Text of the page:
This dissertation consists of three essays on the impact of institutional distance on foreign firm entry, local isomorphism strategy and foreign subsidiary performance. These studies employ two samples: the first one includes the foreign banks that entered the United States from 61 home countries during 1956-2006. The second one includes all foreign bank subsidiaries (83 in Essay 2 and 84 in Essay 3) that operated in the United States from 1978 to 2006.
The first essay focuses on the impact of institutional distance on foreign firm entry. It examines the relationship between the cultural/economic/regulatory/political distances and the number of foreign entrants from a particular home country. Moreover, it tests whether vicarious experience moderates the impact of institutional distance. The results support the argument that fewer foreign firms enter the host country market as the institutional distance increases. In addition, the finding also suggests that the negative impact of institutional distance on foreign firm entry is likely to decrease as there are more prior entrants from the same home country.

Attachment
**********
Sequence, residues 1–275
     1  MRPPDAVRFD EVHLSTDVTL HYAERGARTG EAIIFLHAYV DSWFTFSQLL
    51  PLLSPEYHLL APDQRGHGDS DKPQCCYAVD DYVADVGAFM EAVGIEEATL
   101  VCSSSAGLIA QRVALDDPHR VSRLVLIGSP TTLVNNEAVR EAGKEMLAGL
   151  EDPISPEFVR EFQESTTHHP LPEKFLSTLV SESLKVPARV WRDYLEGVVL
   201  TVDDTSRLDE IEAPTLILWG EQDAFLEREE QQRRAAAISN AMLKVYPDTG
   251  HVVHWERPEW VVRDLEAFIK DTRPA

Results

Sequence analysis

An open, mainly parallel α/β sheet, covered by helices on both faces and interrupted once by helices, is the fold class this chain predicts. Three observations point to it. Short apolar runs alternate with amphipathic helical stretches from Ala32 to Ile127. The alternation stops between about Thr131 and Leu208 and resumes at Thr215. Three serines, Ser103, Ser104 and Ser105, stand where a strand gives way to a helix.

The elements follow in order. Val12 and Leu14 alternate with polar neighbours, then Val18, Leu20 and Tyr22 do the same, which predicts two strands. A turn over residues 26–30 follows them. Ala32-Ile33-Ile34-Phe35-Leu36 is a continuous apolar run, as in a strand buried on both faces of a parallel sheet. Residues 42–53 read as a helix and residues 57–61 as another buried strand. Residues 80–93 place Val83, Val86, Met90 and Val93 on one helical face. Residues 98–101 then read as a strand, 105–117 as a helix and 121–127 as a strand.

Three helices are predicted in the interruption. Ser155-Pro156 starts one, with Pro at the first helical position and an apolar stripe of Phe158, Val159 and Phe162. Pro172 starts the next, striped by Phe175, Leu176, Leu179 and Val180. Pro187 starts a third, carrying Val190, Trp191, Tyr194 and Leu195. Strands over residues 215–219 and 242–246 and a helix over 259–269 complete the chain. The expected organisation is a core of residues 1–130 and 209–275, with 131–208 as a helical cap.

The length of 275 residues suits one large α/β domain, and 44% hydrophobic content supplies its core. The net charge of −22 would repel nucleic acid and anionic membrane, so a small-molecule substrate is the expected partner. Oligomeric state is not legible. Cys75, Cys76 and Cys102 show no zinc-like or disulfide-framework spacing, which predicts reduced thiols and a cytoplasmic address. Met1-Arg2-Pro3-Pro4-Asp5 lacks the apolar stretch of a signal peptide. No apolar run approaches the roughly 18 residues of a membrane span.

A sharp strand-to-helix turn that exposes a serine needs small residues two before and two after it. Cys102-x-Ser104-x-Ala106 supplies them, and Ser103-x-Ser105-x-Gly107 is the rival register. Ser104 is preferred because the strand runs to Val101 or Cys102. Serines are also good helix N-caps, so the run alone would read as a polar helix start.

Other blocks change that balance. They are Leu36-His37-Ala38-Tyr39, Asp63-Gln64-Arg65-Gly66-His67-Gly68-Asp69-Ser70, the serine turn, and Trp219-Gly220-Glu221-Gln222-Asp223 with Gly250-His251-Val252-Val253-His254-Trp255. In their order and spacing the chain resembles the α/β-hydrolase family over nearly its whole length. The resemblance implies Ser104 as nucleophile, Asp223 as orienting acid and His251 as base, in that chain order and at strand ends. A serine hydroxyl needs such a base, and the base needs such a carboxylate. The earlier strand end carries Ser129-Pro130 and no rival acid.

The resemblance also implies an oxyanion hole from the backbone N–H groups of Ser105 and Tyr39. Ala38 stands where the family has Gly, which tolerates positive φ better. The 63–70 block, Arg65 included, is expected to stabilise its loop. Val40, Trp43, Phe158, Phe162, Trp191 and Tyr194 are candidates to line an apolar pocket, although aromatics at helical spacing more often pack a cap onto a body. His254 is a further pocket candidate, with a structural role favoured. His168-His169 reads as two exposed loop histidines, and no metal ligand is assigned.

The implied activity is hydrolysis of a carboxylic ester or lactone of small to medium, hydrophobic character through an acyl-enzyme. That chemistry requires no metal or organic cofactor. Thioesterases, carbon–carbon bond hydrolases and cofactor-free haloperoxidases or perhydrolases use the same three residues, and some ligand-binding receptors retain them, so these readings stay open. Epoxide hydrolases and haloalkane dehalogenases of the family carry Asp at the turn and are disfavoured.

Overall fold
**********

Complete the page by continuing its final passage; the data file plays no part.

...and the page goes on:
The second essay examines foreign firms' decision to imitate local domestic competitors, i.e. the local isomorphism strategy. In this essay, I argue that foreign firms are likely to imitate local domestic incumbents more as the institutional distance increases. Furthermore, this impact of institutional distance is likely to be moderated as foreign firms learn from others' experience and their own experience. The empirical findings support the primary argument by showing that foreign banks imitate local U.S. banks to a greater extent as the cultural/economic/regulatory distance between the home country and the U.S. increases. Moreover, this impact of institutional distance persists over time.
The third essay tests the performance impact of local isomorphism strategy. Contrary to prior research, this study finds a positive association between local isomorphism and foreign subsidiary performance. In this empirical test, local isomorphism strategy is treated as a self-selected endogenous variable. The results support the hypothesis that local isomorphism strategy, as a function of individual firm characteristics and environmental conditions, has a positive impact on foreign subsidiary performance.
|Commitee:||Hsiao, Cheng, Kim, Jay, Mayer, Kyle, Rajagopalan, Nandini|
|School:||University of Southern California|
|School Location:||United States -- California|
|Source:||DAI-A 71/01, Dissertation Abstracts International|
|Keywords:||Entry, Firm entry, Foreign subsidiary performance, Institutional distance, International business, Local isomorphism strategy, Strategy|
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